National Data

Is This the Beginning of the End of the Housing Recession?

By Mike Simonsen on November 6, 2023


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Mike Simonsen

Mike Simonsen is the founder and president of real estate analytics firm Altos Research, which has provided national and local real estate data to financial institutions, real estate professionals, and investors across the country for more than 15 years. An expert trendspotter, Mike uses Altos data to identify market shifts months before they hit the headlines.

The big question on everyone’s mind is: when will home sales turn around? Are we on the cusp of a double-dip housing recession? Or are there signals that 2024 might see a recovery in the housing market?

When we talk about “housing recession” I make a distinction between transaction volume - the number of home sales, which the industry cares about - and home prices - the value of the homes, which consumers care about. These are not driven by the same factors. This year has been a housing recession, and we’re on pace for fewer than 4 million home sales in 2023. But at the same time, we’ve had a soft landing for home prices. Home prices eased back off the very peak of the pandemic frenzy, but even though we have very few home sales, home prices are not falling. In fact home prices are up a fraction this year, and the early data for 2024 says the same pattern is imminent.

So if home prices are up, but home sales volumes are super low, will home sales turn around in 2024, or does unaffordability mean we are in for continued decline in the number of people buying homes?

Let’s look at the US housing market data for the week of November 6th to see what the market signals are telling us.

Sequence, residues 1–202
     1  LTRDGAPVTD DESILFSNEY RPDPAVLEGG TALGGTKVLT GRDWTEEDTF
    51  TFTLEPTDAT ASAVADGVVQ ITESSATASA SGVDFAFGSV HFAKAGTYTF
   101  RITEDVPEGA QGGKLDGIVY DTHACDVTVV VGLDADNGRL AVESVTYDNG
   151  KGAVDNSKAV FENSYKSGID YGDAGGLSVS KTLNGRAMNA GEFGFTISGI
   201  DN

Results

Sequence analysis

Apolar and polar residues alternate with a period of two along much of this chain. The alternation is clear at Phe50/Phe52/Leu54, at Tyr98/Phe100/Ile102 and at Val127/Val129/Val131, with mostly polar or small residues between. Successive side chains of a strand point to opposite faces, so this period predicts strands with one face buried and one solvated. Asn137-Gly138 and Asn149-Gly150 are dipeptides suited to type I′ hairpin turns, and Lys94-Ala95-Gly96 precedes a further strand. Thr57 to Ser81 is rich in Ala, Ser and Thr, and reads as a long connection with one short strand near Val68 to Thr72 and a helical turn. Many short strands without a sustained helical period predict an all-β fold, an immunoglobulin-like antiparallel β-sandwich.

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I’m Mike Simonsen, I’m the founder of Altos Research. Let’s look at the data for the week of November 6th. Please refer to the video below for all the charts I mention in this transcript!




Available inventory grew yet again this week, inching up 0.7% to 567,000 single family homes unsold on the market. That’s just a fraction below last year at this time. Last year inventory peaked during the last week of October. This year we have at least one week in November so far. I suspect that this is it though. Thanksgiving is right around the corner. The dark red line here is this year’s curve. It’s just below last year’s and about to start declining for the end of the year. I expect inventory to be flat or start moving lower by the November 13 market report next week.

The key to remember about available inventory as we roll into the end of the year:  If rates go up from here, inventory will build next year. If rates go down, inventory will shrink. If you are a potential home buyer on the sidelines waiting for affordability, hoping for lower rates, maybe they get lucky and that happens. But also if rates drop, buyer competition will increase and selection of homes to buy will fall. 

So back to our question about home sales volume, lower rates will increase the number of deals that get done, even as the market remains constrained by too few sellers. More sales happening, fewer homes on the market. 


New Listings & Immediate Sales